Without structural change in schools, the Common Core Standards are doomed.
There is little doubt that the Common Core standards push schools, teachers and students to more inquiry-based, deeper understandings than many traditional standards. The Common Core model implies groups of students working together to examine concepts and problems. The teacher is less the "Sage on the Stage" and more the coach, the facilitator, the one who asks the provocative and engaging questions.
Yet to make this seemingly more meaningful shift, there are three basic structural barriers to success that few school systems are ready to embrace.
The first barrier is the limited time on task for meaningful learning. The traditional (some say factory) model of a school marches students through set classes of 42 minutes each. It doesn't matter if it might take much longer to set up and facilitate small group discussions, explorations, and creativity. Complex projects are almost impossible. It is 42 and out. The irony of this is that in the real, adult world of work, we are smart enough to know that not all tasks are accomplished in the same artificial time.
Traditional bell schedules, sometimes determined by collective bargaining agreements, will continue to stifle and negate the benefits of Common Core. Few schools are prepared to address this issue sensibly. Few are willing to set out blocks of time for meaningful projects, inquiry, and group work. In short, the logistical challenges of adults who administer schools will trump the learning challenges of the students. Many of the most prominent and successful S.T.E.M. programs operate outside of the usual bell schedule and school day.
A corollary of the time problem is the unwillingness or inability to extend learning time through technology, and online learning. We can extend even group work through low-cost or free Internet applications, and we can extend the limits of the physical school day by engaging students (and their families) in learning after school hours. Furthermore, the physiology of adolescence tells us that the daily biorhythms of teens include late night engagement and early morning drowsiness.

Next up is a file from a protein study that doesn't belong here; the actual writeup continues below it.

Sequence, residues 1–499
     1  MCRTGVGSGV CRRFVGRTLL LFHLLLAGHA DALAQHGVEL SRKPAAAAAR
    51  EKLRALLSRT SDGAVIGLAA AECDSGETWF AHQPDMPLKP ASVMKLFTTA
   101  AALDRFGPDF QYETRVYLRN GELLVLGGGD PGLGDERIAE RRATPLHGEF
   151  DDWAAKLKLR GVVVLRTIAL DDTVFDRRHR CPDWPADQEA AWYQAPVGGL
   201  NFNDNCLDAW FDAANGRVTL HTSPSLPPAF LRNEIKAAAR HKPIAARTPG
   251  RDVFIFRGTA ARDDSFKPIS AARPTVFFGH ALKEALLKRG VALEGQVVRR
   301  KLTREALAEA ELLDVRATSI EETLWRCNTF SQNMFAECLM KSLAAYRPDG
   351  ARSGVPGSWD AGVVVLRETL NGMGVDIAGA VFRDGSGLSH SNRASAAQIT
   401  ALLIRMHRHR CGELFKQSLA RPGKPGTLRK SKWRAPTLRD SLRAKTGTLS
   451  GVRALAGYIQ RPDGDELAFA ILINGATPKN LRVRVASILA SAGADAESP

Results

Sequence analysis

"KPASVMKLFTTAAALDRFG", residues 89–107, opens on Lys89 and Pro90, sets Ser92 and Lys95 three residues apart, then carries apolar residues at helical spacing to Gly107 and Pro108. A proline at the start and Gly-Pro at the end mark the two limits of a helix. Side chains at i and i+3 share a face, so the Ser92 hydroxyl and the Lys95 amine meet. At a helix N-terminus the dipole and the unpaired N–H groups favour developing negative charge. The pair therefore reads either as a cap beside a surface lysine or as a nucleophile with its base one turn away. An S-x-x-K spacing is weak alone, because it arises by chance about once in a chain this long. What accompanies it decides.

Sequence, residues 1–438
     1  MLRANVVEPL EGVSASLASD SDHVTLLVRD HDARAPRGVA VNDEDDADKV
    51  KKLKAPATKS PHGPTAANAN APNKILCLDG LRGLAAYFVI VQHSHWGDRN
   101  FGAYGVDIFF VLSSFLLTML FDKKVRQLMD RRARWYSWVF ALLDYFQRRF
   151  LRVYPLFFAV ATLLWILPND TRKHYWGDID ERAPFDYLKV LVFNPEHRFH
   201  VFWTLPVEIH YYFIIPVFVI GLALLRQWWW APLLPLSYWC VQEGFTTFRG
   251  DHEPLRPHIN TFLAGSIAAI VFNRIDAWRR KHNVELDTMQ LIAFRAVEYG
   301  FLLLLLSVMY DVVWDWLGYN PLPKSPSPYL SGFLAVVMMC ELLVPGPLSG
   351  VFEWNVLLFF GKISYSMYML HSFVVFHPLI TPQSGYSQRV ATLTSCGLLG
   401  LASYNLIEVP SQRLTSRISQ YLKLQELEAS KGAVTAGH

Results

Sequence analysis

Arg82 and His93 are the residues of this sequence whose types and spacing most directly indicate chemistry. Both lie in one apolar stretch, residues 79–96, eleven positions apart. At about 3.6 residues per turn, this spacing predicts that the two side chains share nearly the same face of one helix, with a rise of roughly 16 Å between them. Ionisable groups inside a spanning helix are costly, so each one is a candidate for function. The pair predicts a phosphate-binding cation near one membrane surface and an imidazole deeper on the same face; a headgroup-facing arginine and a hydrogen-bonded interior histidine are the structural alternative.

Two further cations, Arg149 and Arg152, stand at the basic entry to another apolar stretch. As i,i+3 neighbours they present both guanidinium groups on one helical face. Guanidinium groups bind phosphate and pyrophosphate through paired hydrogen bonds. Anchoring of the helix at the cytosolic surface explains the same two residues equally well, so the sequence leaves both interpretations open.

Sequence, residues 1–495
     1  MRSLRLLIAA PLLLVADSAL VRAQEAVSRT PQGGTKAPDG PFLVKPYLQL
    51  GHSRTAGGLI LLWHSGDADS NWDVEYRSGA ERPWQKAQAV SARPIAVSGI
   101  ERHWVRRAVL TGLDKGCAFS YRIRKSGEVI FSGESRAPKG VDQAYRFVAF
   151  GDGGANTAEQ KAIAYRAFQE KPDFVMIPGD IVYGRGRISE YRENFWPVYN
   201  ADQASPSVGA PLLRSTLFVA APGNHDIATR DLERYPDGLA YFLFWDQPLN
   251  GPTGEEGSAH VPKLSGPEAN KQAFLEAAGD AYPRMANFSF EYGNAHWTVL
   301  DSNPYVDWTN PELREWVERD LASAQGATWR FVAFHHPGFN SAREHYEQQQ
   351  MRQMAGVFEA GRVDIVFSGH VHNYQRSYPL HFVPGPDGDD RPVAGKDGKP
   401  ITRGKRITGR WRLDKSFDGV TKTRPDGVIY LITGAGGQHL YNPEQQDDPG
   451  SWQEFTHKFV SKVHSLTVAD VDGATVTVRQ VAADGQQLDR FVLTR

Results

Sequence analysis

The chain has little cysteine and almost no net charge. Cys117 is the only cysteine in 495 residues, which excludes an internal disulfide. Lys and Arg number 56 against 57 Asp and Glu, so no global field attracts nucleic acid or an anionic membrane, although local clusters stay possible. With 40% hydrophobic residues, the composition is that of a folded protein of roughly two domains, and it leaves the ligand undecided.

A second barrier is that we want students to work in groups to solve problems, but we test them individually. Our goal is to promote the skills and attitudes to work in teams as adults do. But stay tuned for more individual, multiple-choice superficial assessments. The very economics of the testing industry, coupled with already stressed public school budgets, will continue to drive policy makers to opt for the less expensive and easier to grade bubble tests.
The third structural barrier is the narrowness of our assessments. In 2013, America still does not thoughtfully assess student achievements in science, or social studies, or music, or art, or economics, or civics -- all of which we know are part of a well-educated citizenry. It is little wonder that without the high stakes tests, particularly in elementary grades, the goal of the well-rounded child is lost. We know how to assess sophisticated science projects using experts, but this is not part of the standardized test conversation. We know how to audition a child for the orchestra, or evaluate an art portfolio, or recognize well-written poetry. We speak about civic literacy and citizen public service, but these too are outside the national conversation.
In summary, the promise of a more meaningful, and deeper, learning experience held out by the idealized Common Core Standards cannot thrive within the traditional factory model of a school.